Politicians need to ‘think twice ’ before objecting to housing -Taoiseach

‘Absolute need’ for housing trumps local objections to housing developments, Martin says

Taoiseach Micheál Martin’s message to renters was ‘Supply is the answer. It is not an easy answer to give’Photograph: Dara Mac Donaill

Taoiseach Micheál Martin has said politicians need to “get real” about objecting to developments in the midst of a housing crisis.

Mr Martin stated there are too many objections to housing and there had to be realisation that the "absolute need" for housing needs to be taken into consideration every time a development is proposed.

He suggested politicians should “think twice or even three times before objecting” to new developments and he had made the point at parliamentary meetings and in the Dáil.

He described housing as the “biggest social issue facing us as a country” and added: “Given that the population is now more than five million we have to work at pace in terms of the building of housing across the country.”


He suggested there is a need for “significant more investment coming into the country to enable us to get us to a far higher level of construction.”

A new report from Daft.ie this week found that new rents across the country have soared by 15 per cent in the last year despite existing tenancies being subject to rent controls in many urban areas.

Daft.ie also noted that the number of places available to rent across the State was just 851 on May 1st and the lowest since records began in 2006.

When asked what his message was to renters, Mr Martin responded: “Supply is the answer. It is not an easy answer to give right now to you, but we really have to get up to a level.

“That means where agreements have been agreed between county councils, approved housing bodies and developers, we need to give them the green light and get them moving again.

“The biggest social issue facing the country is that of housing and there is an obligation on us all collectively to provide as much housing as we possibly can in as short a timeframe as we possibly can.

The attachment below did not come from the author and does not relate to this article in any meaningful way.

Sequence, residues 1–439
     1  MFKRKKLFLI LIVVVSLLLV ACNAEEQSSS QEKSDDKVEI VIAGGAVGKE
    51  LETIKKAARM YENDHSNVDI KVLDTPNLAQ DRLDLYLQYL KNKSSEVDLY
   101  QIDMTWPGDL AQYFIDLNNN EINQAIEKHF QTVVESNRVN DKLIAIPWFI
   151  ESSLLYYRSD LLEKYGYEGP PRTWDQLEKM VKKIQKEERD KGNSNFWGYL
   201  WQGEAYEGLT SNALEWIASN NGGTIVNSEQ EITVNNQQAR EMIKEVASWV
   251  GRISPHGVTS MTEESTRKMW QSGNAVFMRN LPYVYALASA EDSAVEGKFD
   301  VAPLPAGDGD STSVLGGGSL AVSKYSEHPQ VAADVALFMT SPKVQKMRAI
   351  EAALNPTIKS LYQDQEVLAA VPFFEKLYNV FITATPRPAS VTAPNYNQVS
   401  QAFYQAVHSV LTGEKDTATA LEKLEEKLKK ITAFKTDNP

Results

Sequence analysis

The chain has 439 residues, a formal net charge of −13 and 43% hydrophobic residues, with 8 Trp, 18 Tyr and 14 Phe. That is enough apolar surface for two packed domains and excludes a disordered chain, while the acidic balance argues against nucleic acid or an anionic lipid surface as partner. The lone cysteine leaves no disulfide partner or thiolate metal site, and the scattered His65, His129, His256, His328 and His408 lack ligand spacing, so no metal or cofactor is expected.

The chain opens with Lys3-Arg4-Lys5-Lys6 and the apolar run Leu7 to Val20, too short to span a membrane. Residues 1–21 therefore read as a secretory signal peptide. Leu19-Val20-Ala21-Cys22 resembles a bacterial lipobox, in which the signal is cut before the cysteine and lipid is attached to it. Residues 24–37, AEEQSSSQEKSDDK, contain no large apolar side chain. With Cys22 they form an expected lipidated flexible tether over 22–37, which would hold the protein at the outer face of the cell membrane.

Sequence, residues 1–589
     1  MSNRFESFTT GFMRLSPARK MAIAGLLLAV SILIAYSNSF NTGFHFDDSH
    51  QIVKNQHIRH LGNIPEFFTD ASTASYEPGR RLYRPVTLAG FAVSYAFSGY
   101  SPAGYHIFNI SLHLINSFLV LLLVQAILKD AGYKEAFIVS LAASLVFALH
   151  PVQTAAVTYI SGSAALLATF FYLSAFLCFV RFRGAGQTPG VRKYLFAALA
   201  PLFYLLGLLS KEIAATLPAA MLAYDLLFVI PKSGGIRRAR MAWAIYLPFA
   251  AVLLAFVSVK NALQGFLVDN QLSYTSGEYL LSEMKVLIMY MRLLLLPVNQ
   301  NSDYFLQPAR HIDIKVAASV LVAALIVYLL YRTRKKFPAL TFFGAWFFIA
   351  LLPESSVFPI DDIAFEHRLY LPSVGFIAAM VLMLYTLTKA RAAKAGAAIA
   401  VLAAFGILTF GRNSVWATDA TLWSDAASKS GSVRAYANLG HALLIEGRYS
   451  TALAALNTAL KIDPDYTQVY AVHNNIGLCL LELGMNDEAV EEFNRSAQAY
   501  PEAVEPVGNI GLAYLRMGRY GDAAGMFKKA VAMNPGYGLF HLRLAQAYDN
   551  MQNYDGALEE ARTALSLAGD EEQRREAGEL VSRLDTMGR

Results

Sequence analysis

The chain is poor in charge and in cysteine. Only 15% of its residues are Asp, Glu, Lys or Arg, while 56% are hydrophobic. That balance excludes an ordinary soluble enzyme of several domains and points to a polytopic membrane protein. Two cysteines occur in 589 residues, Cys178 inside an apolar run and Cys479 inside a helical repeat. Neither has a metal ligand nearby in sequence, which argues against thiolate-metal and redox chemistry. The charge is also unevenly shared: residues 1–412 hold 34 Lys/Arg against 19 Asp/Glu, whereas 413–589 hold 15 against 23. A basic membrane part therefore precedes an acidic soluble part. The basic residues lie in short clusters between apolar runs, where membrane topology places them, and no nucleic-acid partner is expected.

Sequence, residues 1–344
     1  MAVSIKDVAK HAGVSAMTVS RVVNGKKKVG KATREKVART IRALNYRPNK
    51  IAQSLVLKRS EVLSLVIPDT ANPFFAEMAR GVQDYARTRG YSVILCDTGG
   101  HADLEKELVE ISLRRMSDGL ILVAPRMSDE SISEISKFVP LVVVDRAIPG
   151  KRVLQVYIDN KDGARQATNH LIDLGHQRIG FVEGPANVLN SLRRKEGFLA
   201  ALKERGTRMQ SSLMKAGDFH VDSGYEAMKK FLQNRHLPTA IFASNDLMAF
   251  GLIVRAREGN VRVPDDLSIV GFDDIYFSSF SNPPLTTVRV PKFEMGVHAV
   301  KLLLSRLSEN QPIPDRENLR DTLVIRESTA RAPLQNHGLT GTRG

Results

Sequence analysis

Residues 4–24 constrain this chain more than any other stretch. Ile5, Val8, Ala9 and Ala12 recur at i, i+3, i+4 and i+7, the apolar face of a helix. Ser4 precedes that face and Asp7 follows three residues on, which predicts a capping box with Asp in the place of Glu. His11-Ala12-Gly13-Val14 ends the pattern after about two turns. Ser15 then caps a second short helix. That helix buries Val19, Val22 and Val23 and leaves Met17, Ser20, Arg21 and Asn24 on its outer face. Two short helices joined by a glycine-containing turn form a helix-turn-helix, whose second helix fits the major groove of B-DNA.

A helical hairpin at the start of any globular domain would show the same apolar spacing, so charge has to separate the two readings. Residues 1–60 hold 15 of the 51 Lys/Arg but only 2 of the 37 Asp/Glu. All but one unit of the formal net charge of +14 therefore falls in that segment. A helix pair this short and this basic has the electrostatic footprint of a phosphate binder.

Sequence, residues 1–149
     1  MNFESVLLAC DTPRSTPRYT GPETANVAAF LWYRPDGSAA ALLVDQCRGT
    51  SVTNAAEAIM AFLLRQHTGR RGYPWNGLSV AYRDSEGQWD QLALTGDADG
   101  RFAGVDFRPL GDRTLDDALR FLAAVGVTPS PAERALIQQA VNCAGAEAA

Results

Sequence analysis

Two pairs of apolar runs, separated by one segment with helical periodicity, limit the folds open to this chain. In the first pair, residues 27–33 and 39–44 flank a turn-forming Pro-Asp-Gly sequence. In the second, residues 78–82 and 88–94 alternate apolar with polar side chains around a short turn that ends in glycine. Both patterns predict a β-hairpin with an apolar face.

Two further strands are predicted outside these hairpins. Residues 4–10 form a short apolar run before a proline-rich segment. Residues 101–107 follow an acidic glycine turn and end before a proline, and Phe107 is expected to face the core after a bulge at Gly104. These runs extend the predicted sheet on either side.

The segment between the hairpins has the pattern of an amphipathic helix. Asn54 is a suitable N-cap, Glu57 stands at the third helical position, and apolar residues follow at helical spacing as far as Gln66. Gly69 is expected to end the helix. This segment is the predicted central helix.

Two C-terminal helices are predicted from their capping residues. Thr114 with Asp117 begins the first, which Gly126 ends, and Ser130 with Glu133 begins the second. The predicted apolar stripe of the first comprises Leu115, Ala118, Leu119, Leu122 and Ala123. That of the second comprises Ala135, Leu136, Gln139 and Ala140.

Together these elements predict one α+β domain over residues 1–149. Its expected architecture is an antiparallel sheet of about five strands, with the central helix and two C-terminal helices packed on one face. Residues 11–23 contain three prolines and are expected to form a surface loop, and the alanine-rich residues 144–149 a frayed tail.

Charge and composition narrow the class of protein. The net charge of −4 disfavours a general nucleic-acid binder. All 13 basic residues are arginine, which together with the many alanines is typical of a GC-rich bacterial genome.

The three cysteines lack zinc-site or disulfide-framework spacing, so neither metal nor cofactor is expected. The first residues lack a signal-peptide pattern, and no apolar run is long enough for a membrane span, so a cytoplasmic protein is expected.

“Access to good quality housing to me is the bedrock for social and economic stability.”

He also stated that a “balance needs to be struck” between rental regulation and ensuring that landlords stay in the market.

“Six acts have been passed in the last two years protecting renters. We have increased resources to the Rental Tenancies Board (RTB). We need more investment in the private rental market. Supply is the issue. I know it is mantra, but there is no getting away from it.”

The Taoiseach visited a new housing development at Glenfen outside Sallins in Co Kildare.

The 29 new social homes are being delivered by Tuath Housing, an approved housing body which builds homes on behalf of local authorities across the country.

The development consists of nine one bedroom, 12 two bedroom and eight three bedroom A-rated houses which will be made available to tenants on the Kildare County Council housing list.

Tuath Housing expects to deliver 1,700 social and affordable housing this year.

Mr Martin said the development was a “further manifestation of the growing momentum around house building in the country and particularly the good work being undertaken by approved housing bodies like Tuath. The pipeline so far has been good and this development is reflective of that.”

The Government has set a target for 9,000 new social housing builds this year.

Up to the end of March 5,669 new homes were built and 7,000 have commenced construction.

There is likely to be 24,600 dwellings built in the State this year, but it is still short of the 33,000 to 35,000 houses that need to be built on an annual basis.

Ronan McGreevy

Ronan McGreevy

Ronan McGreevy is a news reporter with The Irish Times